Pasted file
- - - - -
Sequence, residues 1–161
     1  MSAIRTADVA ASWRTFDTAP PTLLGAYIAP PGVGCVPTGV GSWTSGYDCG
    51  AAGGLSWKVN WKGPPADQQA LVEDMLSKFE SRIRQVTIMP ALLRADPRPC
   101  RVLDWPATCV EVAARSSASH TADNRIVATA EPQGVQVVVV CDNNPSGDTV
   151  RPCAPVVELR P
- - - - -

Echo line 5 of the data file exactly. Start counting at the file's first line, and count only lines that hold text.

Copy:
   151  RPCAPVVELR P